By Seth Klein
Among the fear-mongering claims of the “No” side in BC’s electoral reform debate, a favorite is that proportional representation (pro rep) will result in unstable minority governments that can’t get anything done.
The claim is unsubstantiated nonsense.
One part of the claim is true - pro rep almost always produces minority or coalition governments. Which is great!
Minority outcomes result in more cooperation in our politics. Parties have to assemble governing alliances or coalitions that, in combination, reflect the majority of voters. They are forced to collaborate on policies that better reflect the desires of the majority. The culture and tone of politics becomes less divisive as parties cannot viciously antagonize other parties whose support they may need to govern.
Minority or coalition governments are also more accountable as parties cannot win false majorities that allow them to rule with impunity for four years. Rather, they must continually secure the support of other parties, forming alliances that represent a true majority of voters. Junior coalition partners can hold governing parties more to account. I would contend that, under BC’s current minority government, the Greens are holding the NDP more accountable than had the NDP won an outright majority.
In other countries, minority governments produced under pro rep have proven plenty stable with elections occurring no more often than under our current first-past-the-post (FPTP) system. According to research by political scientist Dennis Pilon, which compared the voting history of pro rep versus FPTP countries between WWII and 1998, the FPTP countries had on average 16.7 federal elections while pro rep countries averaged 16. In other words, no notable difference.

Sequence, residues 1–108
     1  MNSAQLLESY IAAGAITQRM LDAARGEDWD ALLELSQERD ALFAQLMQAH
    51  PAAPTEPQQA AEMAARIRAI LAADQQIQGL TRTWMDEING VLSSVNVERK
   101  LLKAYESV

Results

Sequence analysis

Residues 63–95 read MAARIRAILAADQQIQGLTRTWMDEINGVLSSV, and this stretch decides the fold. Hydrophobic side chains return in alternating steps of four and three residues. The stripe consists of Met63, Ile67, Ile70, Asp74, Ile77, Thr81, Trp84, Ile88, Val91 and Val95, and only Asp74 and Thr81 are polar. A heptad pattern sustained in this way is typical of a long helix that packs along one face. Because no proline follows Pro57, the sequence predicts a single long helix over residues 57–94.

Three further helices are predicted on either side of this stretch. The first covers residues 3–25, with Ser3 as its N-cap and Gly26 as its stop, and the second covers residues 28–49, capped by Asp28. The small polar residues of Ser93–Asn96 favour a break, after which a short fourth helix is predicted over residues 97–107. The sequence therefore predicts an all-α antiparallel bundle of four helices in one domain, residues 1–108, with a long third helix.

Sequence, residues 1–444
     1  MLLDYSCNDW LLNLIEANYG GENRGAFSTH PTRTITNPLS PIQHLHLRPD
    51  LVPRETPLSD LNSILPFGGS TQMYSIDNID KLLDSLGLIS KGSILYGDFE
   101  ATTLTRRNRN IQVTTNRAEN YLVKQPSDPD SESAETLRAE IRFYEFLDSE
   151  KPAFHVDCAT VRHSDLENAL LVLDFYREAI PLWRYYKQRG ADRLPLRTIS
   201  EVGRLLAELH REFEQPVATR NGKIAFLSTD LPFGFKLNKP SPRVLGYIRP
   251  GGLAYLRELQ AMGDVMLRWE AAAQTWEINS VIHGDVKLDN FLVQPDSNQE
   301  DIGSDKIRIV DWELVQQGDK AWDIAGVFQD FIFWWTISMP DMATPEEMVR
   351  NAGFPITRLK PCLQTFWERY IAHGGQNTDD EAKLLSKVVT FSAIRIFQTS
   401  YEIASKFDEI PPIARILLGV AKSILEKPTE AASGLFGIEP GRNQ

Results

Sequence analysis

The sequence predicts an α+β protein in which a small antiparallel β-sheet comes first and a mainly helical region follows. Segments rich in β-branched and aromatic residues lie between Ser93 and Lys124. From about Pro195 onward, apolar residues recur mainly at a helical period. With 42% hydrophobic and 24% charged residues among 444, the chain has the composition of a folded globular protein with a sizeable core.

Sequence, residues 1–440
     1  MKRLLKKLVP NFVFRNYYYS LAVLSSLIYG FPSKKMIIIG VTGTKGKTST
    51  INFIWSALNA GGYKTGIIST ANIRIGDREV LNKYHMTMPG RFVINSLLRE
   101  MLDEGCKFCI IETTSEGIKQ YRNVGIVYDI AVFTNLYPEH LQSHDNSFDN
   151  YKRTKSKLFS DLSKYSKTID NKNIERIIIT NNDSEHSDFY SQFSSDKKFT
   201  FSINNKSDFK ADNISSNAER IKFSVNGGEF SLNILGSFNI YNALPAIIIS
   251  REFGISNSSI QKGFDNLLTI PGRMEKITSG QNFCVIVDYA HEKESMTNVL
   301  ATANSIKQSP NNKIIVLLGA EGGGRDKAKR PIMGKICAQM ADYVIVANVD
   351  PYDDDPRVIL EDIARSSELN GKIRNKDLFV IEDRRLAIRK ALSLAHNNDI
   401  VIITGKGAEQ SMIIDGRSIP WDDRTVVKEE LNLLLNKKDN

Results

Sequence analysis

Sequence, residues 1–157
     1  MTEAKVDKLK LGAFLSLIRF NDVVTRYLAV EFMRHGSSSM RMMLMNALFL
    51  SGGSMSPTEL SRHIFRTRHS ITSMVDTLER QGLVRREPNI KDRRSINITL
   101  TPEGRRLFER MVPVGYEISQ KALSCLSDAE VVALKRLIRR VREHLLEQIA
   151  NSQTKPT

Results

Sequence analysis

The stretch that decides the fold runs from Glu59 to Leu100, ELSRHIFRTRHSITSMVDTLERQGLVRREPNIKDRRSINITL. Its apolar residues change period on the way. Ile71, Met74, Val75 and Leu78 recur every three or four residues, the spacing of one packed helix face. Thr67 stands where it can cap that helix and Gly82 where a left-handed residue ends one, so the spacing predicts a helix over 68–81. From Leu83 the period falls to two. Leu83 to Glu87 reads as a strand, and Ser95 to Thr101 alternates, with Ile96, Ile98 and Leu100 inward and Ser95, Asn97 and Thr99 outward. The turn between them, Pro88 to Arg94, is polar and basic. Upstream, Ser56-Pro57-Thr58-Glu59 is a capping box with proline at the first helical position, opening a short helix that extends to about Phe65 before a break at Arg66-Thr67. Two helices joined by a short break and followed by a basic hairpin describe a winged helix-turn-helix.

And what of the claim that minority government can’t get things done or is unable to introduce bold new policy? Again, bunk.
Some of our nation’s most-popular and long-lasting policies, from the Canada Pension Plan to Old Age Security and Medicare, were enacted under minority federal governments.
Similarly, in BC today we’ve seen a cooperative situation that is tackling poverty and the housing crisis. BC’s minority government has introduced public child care – the first major new social program of a generation – and progressive tiers to property taxes, a first in North America.
In the wake of an election with a minority result, it sometimes takes a few weeks to emerge with a clear outcome about who will command the confidence of the legislature. So what?
We all recall the summer of 2017 when after the last BC election it took two months to know who would form government. It made for exciting political drama, but the sky didn’t fall. In the face of serious matters such as that summer’s forest fires, the system worked just as it should with outgoing ministers continuing to do their jobs. The institutions of government continued to function.
So, with respect to this false contention from the No campaign - as with so many of their other claims - park this one. There’s no need to vote from a place of fear.
Seth Klein is BC Director of the Canadian Centre for Policy Alternatives. His writing on BC’s upcoming referendum on electoral reform can be found at https://www.policynote.ca/pr4bc/.